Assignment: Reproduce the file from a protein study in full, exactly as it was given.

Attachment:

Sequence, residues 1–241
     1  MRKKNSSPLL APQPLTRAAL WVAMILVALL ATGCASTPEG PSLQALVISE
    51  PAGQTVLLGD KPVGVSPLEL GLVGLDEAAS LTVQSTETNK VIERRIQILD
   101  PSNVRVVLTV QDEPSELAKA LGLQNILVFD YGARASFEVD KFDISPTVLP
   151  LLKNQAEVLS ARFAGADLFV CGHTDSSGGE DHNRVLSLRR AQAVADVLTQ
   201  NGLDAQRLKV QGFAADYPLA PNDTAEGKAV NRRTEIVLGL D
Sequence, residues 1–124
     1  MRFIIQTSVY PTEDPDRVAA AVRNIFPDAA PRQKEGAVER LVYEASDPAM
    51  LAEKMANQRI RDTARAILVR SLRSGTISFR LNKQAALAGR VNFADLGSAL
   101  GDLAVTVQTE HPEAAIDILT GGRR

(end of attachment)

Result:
Sequence, residues 1–241
     1  MRKKNSSPLL APQPLTRAAL WVAMILVALL ATGCASTPEG PSLQALVISE
    51  PAGQTVLLGD KPVGVSPLEL GLVGLDEAAS LTVQSTETNK VIERRIQILD
   101  PSNVRVVLTV QDEPSELAKA LGLQNILVFD YGARASFEVD KFDISPTVLP
   151  LLKNQAEVLS ARFAGADLFV CGHTDSSGGE DHNRVLSLRR AQAVADVLTQ
   201  NGLDAQRLKV QGFAADYPLA PNDTAEGKAV NRRTEIVLGL D
Sequence, residues 1–124
     1  MRFIIQTSVY PTEDPDRVAA AVRNIFPDAA PRQKEGAVER LVYEASDPAM
    51  LAEKMANQRI RDTARAILVR SLRSGTISFR LNKQAALAGR VNFADLGSAL
   101  GDLAVTVQTE HPEAAIDILT GGRR